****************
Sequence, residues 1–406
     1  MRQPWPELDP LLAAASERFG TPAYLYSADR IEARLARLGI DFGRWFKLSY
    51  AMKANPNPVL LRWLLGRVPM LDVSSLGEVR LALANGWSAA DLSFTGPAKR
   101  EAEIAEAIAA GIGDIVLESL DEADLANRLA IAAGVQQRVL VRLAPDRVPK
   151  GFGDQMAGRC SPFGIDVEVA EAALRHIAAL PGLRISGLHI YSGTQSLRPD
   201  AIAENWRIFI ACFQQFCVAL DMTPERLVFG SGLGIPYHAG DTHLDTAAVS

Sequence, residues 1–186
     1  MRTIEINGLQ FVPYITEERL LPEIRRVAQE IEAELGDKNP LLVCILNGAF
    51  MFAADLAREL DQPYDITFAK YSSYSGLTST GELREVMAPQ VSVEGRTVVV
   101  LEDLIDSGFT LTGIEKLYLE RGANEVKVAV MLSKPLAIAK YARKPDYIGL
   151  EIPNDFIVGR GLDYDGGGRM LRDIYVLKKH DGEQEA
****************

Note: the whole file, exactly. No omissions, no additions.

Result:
Sequence, residues 1–406
     1  MRQPWPELDP LLAAASERFG TPAYLYSADR IEARLARLGI DFGRWFKLSY
    51  AMKANPNPVL LRWLLGRVPM LDVSSLGEVR LALANGWSAA DLSFTGPAKR
   101  EAEIAEAIAA GIGDIVLESL DEADLANRLA IAAGVQQRVL VRLAPDRVPK
   151  GFGDQMAGRC SPFGIDVEVA EAALRHIAAL PGLRISGLHI YSGTQSLRPD
   201  AIAENWRIFI ACFQQFCVAL DMTPERLVFG SGLGIPYHAG DTHLDTAAVS

Sequence, residues 1–186
     1  MRTIEINGLQ FVPYITEERL LPEIRRVAQE IEAELGDKNP LLVCILNGAF
    51  MFAADLAREL DQPYDITFAK YSSYSGLTST GELREVMAPQ VSVEGRTVVV
   101  LEDLIDSGFT LTGIEKLYLE RGANEVKVAV MLSKPLAIAK YARKPDYIGL
   151  EIPNDFIVGR GLDYDGGGRM LRDIYVLKKH DGEQEA